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The Guardian - UK
The Guardian - UK
Jennifer Rankin in Brussels

ECJ to fine Hungary €1m a day until it complies with EU refugee laws

Close-up headshot of Viktor Orbán, the Hungarian Prime Minister, with a European flag behind him
The Hungarian prime minister, Viktor Orbán, said the court’s ruling was ‘outrageous and unacceptable’. Photograph: Leonhard Föger/Reuters

Hungary has been ordered to pay a €200m (£169m) fine for its refusal to uphold the rights of asylum seekers in what was described as an “unprecedented” breach of EU law by the bloc’s highest court.

The European court of justice in Luxembourg also ordered Budapest to pay €1m a day until it complies with EU laws guaranteeing refugees the right to claim asylum inside Hungarian borders.

In a major judgment issued on Thursday, the court said Hungary had shown “deliberate evasion” in applying EU policy, which it described as “an unprecedented and exceptionally serious infringement of EU law” and “a significant threat to the unity of EU law and to the principle of equality of the member states”.

The fine was higher than sought by the European Commission, the EU executive, which took Hungary to the Luxembourg court. Judges also identified “aggravating circumstances”, including the repeat behaviour that contributed to the severity of the fine.

Responding to the judgment, the Hungarian prime minister, Viktor Orbán, described the court’s ruling as “outrageous and unacceptable”, adding: “It seems that illegal migrants are more important to the Brussels bureaucrats than their own European citizens.”

The legal ruling comes less than three weeks before the Hungarian government takes charge of the rotating presidency of the EU council of ministers. It highlights the profound challenge to the bloc posed by anti-EU, nationalist leaders at a time when far-right forces made advances in European elections in France, Germany and Austria, and are expected to join the government in the Netherlands.

The judgment relates to a 2020 ruling that found Hungary had broken EU migration law by limiting the rights of refugees and migrants to claim asylum in numerous ways, including by holding asylum seekers in transit camps at Röszke and Tompa on its border with Serbia.

Hungary closed the container camps and argued it had complied with the ruling. In 2020 it passed a law requiring asylum seekers to make a “declaration of intent” at a Hungarian embassy in a non-EU country before entering the country.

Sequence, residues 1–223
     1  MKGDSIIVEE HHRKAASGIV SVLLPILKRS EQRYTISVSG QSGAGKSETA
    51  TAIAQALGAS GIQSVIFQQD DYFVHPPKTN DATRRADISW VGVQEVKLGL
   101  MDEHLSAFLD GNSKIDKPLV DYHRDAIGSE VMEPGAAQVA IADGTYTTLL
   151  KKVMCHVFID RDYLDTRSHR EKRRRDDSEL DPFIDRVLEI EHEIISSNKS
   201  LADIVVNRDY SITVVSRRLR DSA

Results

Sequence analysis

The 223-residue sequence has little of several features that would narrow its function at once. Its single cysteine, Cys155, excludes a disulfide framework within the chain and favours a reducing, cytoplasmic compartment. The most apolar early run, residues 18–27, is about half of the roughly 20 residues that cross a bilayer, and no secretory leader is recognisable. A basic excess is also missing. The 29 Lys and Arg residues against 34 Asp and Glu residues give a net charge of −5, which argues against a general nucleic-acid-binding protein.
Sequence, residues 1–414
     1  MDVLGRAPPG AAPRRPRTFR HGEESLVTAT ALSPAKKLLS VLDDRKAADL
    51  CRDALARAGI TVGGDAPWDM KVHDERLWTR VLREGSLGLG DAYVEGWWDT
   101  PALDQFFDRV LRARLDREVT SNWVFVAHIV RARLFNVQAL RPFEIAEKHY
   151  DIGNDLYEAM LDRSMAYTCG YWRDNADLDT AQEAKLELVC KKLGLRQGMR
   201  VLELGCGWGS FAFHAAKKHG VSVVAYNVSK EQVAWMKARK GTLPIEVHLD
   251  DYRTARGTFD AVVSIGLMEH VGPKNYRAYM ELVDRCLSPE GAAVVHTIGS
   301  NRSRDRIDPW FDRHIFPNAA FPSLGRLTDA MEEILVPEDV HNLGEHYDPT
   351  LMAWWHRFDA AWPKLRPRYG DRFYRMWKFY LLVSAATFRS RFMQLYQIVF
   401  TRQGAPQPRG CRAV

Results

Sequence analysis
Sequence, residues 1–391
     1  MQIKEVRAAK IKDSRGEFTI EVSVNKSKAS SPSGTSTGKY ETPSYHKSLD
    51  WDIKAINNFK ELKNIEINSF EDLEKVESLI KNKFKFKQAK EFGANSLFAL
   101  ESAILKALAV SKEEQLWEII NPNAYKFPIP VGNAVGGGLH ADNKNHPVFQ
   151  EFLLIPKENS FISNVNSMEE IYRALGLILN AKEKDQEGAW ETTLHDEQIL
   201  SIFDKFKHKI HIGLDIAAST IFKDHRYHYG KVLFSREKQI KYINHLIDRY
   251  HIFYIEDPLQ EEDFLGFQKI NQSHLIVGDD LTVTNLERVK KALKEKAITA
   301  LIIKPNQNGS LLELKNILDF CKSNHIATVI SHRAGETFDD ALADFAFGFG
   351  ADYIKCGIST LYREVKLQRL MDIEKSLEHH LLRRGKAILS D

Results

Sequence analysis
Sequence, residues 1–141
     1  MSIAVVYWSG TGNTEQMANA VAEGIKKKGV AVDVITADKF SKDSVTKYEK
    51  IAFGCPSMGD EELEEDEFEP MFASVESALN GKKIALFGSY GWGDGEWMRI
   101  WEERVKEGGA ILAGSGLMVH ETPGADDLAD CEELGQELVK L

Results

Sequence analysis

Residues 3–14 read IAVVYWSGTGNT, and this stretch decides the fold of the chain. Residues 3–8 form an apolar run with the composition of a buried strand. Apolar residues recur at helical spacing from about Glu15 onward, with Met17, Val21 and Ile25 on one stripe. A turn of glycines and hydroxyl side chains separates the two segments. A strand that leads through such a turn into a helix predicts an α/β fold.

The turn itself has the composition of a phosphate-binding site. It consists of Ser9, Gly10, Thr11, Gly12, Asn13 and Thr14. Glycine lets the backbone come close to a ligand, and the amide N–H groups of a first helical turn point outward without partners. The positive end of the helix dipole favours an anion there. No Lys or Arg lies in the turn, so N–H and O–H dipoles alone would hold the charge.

As a result, almost no one can claim asylum in Hungary: authorities received just 30 applications in 2023. In comparison, Cyprus, with a population 10 times smaller, received 12,000 applications that year, according to the EU Agency for Asylum.

In its latest ruling, the court said Hungary’s 2020 migration law was in breach of EU asylum law and the underlying Geneva conventions that guarantee the rights of refugees, including non refoulement, not being returned to danger.

The court identified other ways Hungary failed to comply with EU law: the “unlawful removal” of people denied asylum without observing safeguards, as well as not allowing people refused the right to asylum to stay in Hungary pending an appeal.

Hungary’s non-compliance with EU law “undermines in a particularly serious manner” the rights of non-EU nationals and stateless people by making it impossible for them to make an application at the border, the court concluded.

Judges also criticised Hungary’s decision that it would not comply with the 2020 ruling until it had received a verdict from its national constitutional court, a profound challenge to the supremacy of EU law that Budapest agreed on entering the bloc.

Hungary’s conduct had the effect, the court said, of transferring to other EU member states the responsibility and financial costs of managing asylum applications. As such, Hungary “seriously undermines the principle of solidarity and fair sharing of responsibility”, the court said.

The reference to an “unprecedented” breach of EU law is understood to stem from Hungary’s implacable refusal to amend its policy after the 2020 ruling, and is reflected in the fine.

Daniel Freund, a German Green MEP and fierce critic of the Hungarian government, said the judgment made Orbán “the most expensive prime minister in Hungarian history”.

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